Reading isn’t for everyone, I know. But find your outlet, find your place to relax. Maybe it’s meditating or doing yoga. Perhaps it’s baking. Whatever helps you unwind, do it. And do it as much as you want, because life is too short to be stressed out for days.
The enemy of travel burnout is slowing down.
We were going, going, gone most days. Sea kayaking in the morning, following by drinks and cliff diving? Yes, please! Then we’d have to finish the night with a dinner out and a romantic walk. Only it wasn’t so romantic because I was exhausted. After only a few days of living like this, I realized it wasn’t sustainable for the next four months.
I think as soon as we left Edinburgh, a switch flipped. We no longer had months in a place, we were down to mere days, a couple weeks if we were lucky. So we had to fit everything in at one time. But the thing is, we didn’t have to. I think one of my favorite moments from our time in Dubrovnik was the evening we went to get some bread and cheese and a bottle of Plavac and sat on the front terrace and played cards for hours. We didn’t feel like we had anywhere to be, we chatted in between hands and just generally had a fabulous evening.
You’re the master of your own schedule, and you have to do what works for you. Don’t let everyone else tell you that you shouldn’t sit by the beach for four hours with a fizzy drink and watch the sun sweep across the sky. It’s OK if you want to sit and sketch the fruit seller at the market, even if it takes you a few hours. I had to let myself be OK with slowing down.
Understand that it’s OK to not see everything in one trip.
This came along with slowing down, because obviously when I started listening to my body and not everyone else, I learned that I probably won’t see everything in any given city. It’s definitely something I struggle with. I have to keep reminding myself that the world is a mighty big place, and I’m not going to see every nook and cranny, no matter how hard I try. So it’s important to appreciate what I’m able to see in any given trip. After all, I can always come back.
Reaching out to friends and family helped me feel rooted and connected.
At my lowest point Ryan turned to me and said, “Suz, you need to talk to a friend. You’re not you.” He was so right. As soon as I talked to a friend on Skype and had some quality (virtual) face-to-face time I felt instantly more connected. It’s easy to feel extremely overwhelmed with life when you’re travelling, like it’s you vs. the world. But that’s not true. You have a whole cheerleading squad at home that you just need to tap into. They all want to see you happy and healthy.
My mom and I have an ongoing text thread where she shares pictures of my dog being silly at home. I talk to my sister-in-law constantly about Harry Potter and HGTV shows. My best friend from high school makes me laugh with inappropriate memes. Once I started reaching out to other people on a regular basis I felt so much better and so much more connected. I wasn’t just floating in travel limbo, I was having an adventure before going home.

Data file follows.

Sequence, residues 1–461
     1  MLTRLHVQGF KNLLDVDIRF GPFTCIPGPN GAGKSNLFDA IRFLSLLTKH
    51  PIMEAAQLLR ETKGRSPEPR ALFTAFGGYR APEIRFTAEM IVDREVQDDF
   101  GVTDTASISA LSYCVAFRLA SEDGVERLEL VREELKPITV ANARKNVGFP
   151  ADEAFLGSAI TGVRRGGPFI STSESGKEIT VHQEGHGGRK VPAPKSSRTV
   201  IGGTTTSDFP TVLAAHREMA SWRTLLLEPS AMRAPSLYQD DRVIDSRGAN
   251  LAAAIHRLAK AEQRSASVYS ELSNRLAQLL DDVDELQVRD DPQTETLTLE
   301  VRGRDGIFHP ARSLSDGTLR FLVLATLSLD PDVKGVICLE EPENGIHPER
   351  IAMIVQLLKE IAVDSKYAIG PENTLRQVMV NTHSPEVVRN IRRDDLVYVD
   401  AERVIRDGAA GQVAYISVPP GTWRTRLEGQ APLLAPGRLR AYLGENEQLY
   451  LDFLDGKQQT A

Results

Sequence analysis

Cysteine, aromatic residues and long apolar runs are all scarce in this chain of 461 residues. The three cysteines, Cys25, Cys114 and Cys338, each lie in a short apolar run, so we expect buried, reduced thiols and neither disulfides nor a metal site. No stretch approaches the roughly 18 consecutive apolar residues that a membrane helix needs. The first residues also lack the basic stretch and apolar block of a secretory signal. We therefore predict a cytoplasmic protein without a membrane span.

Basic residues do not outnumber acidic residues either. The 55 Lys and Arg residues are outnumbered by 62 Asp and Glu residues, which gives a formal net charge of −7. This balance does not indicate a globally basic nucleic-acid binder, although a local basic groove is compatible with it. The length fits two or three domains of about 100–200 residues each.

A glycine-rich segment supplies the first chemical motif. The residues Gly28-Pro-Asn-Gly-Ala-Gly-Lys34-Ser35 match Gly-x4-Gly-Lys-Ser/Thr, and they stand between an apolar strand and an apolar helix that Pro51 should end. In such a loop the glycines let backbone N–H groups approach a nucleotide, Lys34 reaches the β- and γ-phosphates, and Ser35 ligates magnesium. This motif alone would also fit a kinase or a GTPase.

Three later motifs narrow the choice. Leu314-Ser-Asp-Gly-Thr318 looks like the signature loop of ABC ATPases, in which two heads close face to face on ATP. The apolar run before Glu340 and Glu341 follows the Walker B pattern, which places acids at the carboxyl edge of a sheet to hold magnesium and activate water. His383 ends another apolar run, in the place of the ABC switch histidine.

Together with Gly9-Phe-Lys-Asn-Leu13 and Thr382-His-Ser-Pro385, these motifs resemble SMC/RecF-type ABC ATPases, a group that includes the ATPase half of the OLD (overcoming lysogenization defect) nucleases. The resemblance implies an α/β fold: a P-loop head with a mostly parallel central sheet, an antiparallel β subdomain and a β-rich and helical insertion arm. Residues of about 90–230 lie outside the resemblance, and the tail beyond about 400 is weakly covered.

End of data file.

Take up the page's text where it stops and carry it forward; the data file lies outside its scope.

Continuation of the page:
Properly nourishing my body helped ease travel burnout.
So for the last four-five weeks, we’ve been eating out a lot. Meals have been heavy on breakfast rolls and fish and chips, pasta and pizza. There haven’t been a lot of vegetables, and after a few weeks I was really feeling it.
I couldn’t expect to feel good when I was fueling my body with nothing but garbage. Delicious garbage, it’s true. Carbs and dairy do not a healthy diet make (no matter how many times I wish it were true).
It started with a carrot. The carrots at the market at Split looks absolutely delectable, you see. So I got out of my comfort zone and asked the vendor in my broken Croglish how much they cost. Through a series of hand gestures and a lot of “Hvalas!” I had me some carrots. That spiraled and I eventually was in the possession of some real fruits and veggies.
It’s amazing how fast my body bounced back after those first few veggies. When I started to listen to my body and feed it what it deserved my mood shifted and I started to feel better within days!
I had to learn to appreciate each moment for what it is.
Not every moment is going to be perfect, and I had to learn to accept that. I can try and try to create and curate a fabulous life, but that’s not reality. But life is amazing and it happens the way it’s supposed to, you know? The experiences we’re having right now on this trip are pretty amazing. Who knows when we’re going to have the chance to be in exactly the same place and same frame of mind again.
Don’t let others make you feel bad for what you’re experiencing. The best part about any trip you take is that it’s yours. Yours to make what you want.
So now tell me, what do you do?
I always thought I was so good at listening to my body. But it turns out that I still have work to do. My mind and body have been telling me for weeks to slow down, take a breath and be. But because I felt pressured to experience life in the way everyone else does, I didn’t realize that I was slowly turning to mush from the inside out. Has that ever happened to you? When you give in to peer pressure and realize it is turning you into a zombie?
So friends, I’d love to hear what you do! Burnout is a real, even for people who aren’t travelling. Maybe you’ve experienced it in your career or at school. Perhaps you feel a general sense of burnout after the holidays. I’d love to know how other people deal with it!